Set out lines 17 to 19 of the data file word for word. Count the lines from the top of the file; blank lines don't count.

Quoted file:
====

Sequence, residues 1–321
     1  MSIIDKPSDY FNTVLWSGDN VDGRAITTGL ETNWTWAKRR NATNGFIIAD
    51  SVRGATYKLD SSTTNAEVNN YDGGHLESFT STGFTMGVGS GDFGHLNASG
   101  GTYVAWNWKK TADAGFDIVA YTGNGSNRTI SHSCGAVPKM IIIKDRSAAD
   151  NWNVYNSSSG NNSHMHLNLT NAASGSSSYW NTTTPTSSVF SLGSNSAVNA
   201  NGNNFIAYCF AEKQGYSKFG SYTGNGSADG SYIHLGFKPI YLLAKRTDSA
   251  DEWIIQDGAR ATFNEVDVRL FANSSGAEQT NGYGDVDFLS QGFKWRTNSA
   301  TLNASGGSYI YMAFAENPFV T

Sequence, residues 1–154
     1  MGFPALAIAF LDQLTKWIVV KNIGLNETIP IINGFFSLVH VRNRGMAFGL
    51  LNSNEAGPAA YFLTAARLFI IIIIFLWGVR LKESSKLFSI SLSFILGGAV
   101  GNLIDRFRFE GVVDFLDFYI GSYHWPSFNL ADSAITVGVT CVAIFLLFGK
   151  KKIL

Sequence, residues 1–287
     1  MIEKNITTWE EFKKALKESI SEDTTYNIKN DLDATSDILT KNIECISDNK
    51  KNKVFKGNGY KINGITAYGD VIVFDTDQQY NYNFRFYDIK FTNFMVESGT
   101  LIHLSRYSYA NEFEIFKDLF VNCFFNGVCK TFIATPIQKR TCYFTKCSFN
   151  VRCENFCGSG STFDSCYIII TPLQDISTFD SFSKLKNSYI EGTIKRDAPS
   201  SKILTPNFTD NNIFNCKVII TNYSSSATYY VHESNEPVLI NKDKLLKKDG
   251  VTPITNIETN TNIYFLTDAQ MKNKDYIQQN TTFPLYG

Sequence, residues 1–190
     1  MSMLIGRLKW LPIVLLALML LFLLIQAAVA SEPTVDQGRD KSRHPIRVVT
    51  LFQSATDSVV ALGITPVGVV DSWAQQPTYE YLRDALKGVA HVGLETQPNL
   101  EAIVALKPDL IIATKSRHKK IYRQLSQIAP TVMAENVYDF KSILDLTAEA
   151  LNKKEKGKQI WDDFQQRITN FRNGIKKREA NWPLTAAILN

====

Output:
   101  LIHLSRYSYA NEFEIFKDLF VNCFFNGVCK TFIATPIQKR TCYFTKCSFN
   151  VRCENFCGSG STFDSCYIII TPLQDISTFD SFSKLKNSYI EGTIKRDAPS
   201  SKILTPNFTD NNIFNCKVII TNYSSSATYY VHESNEPVLI NKDKLLKKDG